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The Evolutionary Perspective
Monthly Archives: June 2022
Posted: June 30, 2022 at 9:52 pm
In 2019, guards on the borders of Greece, Hungary, and Latvia began testing an artificial-intelligence-powered lie detector. The system, called iBorderCtrl, analyzed facial movements to attempt to spot signs a person was lying to a border agent. The trial was propelled by nearly $5 million in European Union research funding, and almost 20 years of research at Manchester Metropolitan University, in the UK.
The trial sparked controversy. Polygraphs and other technologies built to detect lies from physical attributes have been widely declared unreliable by psychologists. Soon, errors were reported from iBorderCtrl, too. Media reports indicated that its lie-prediction algorithm didnt work, and the projects own website acknowledged that the technology may imply risks for fundamental human rights.
This month, Silent Talker, a company spun out of Manchester Met that made the technology underlying iBorderCtrl, dissolved. But thats not the end of the story. Lawyers, activists, and lawmakers are pushing for a European Union law to regulate AI, which would ban systems that claim to detect human deception in migrationciting iBorderCtrl as an example of what can go wrong. Former Silent Talker executives could not be reached for comment.
A ban on AI lie detectors at borders is one of thousands of amendments to the AI Act being considered by officials from EU nations and members of the European Parliament. The legislation is intended to protect EU citizens fundamental rights, like the right to live free from discrimination or to declare asylum. It labels some use cases of AI high-risk, some low-risk, and slaps an outright ban on others. Those lobbying to change the AI Act include human rights groups, trade unions, and companies like Google and Microsoft, which want the AI Act to draw a distinction between those who make general-purpose AI systems, and those who deploy them for specific uses.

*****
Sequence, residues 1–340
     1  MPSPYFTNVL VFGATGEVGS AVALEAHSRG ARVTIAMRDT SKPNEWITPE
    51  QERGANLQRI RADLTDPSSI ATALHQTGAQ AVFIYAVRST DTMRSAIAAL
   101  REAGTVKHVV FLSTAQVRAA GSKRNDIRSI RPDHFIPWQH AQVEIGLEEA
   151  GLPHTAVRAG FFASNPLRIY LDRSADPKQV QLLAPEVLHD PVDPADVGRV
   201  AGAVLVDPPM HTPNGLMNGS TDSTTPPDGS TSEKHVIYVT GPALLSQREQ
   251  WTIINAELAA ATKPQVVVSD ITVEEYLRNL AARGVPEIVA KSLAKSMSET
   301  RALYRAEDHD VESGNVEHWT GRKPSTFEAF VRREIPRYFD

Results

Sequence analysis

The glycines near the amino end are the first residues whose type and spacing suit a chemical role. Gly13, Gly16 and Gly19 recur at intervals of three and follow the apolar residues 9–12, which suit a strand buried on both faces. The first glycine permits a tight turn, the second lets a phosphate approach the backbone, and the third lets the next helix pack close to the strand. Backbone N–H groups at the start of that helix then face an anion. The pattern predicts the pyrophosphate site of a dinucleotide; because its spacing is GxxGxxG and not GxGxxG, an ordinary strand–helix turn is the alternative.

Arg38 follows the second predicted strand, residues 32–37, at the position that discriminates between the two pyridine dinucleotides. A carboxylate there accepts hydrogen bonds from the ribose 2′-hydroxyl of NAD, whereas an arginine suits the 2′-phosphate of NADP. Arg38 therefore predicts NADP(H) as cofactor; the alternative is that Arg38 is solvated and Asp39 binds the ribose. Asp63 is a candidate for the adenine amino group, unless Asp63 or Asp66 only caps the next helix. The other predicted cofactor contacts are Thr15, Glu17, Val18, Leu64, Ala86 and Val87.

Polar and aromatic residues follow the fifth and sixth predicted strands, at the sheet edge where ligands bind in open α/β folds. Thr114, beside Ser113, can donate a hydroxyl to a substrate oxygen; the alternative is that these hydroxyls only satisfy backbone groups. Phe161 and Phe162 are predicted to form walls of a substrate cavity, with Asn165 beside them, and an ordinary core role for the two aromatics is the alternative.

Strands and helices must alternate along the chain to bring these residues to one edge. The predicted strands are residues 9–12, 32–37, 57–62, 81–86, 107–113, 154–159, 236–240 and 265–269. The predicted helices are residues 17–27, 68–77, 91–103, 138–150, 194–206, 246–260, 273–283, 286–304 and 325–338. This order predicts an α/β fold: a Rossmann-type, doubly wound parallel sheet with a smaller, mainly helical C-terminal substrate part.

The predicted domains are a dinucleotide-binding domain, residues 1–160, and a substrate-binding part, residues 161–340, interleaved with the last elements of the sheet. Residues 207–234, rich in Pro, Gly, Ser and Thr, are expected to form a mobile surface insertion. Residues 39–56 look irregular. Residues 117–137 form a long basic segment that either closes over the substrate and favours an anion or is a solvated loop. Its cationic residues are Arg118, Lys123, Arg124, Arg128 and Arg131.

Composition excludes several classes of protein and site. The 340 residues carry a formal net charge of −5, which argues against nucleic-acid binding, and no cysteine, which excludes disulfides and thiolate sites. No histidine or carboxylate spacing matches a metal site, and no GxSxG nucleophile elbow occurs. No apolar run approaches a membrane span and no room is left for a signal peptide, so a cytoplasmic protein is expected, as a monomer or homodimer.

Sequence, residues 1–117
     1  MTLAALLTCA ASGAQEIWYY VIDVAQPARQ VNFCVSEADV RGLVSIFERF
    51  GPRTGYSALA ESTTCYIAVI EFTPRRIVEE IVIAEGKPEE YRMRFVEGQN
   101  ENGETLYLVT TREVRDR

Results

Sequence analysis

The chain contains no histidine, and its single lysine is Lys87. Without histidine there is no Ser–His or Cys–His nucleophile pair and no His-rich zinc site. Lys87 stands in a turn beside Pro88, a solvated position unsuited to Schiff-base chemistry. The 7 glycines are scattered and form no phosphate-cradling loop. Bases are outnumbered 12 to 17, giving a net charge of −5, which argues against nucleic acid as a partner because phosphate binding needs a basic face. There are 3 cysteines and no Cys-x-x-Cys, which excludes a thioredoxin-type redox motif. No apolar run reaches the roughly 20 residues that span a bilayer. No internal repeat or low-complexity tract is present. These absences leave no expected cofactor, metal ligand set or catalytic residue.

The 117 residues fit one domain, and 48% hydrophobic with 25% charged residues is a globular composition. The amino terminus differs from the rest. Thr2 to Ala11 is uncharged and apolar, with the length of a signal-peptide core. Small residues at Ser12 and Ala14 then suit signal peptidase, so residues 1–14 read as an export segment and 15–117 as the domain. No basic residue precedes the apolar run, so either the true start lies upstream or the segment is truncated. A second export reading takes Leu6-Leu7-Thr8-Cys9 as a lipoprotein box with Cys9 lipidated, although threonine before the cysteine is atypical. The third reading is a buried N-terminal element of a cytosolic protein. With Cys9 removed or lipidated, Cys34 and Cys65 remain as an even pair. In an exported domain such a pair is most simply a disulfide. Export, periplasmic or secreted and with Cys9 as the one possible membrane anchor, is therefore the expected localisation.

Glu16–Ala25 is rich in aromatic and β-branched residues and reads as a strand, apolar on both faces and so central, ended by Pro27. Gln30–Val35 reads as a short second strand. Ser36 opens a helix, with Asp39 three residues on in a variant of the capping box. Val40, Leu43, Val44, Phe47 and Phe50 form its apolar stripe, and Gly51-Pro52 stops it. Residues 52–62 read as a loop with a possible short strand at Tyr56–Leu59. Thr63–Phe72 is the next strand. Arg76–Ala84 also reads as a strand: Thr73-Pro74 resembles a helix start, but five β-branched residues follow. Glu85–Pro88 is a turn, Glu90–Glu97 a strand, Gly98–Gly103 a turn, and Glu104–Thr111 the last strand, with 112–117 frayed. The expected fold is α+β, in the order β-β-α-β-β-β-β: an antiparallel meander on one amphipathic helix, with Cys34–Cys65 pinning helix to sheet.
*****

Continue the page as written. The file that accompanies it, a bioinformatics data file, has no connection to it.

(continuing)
Last month, advocacy groups including European Digital Rights and the Platform for International Cooperation on Undocumented Migrants called for the act to ban the use of AI polygraphs that measure things like eye movement, tone of voice, or facial expression at borders. Statewatch, a civil liberties nonprofit, released an analysis warning that the AI Act as written would allow use of systems like iBorderCtrl, adding to Europes existing publicly funded border AI ecosystem. The analysis calculated that over the past two decades, roughly half of the 341 million ($356 million) in funding for use of AI at the border, such as profiling migrants, went to private companies.
The use of AI lie detectors on borders effectively creates new immigration policy through technology, says Petra Molnar, associate director of the nonprofit Refugee Law Lab, labeling everyone as suspicious. You have to prove that you are a refugee, and you're assumed to be a liar unless proven otherwise, she says. That logic underpins everything. It underpins AI lie detectors, and it underpins more surveillance and pushback at borders.
Molnar, an immigration lawyer, says people often avoid eye contact with border or migration officials for innocuous reasonssuch as culture, religion, or traumabut doing so is sometimes misread as a signal a person is hiding something. Humans often struggle with cross-cultural communication or speaking to people who experienced trauma, she says, so why would people believe a machine can do better?
Posted: at 9:52 pm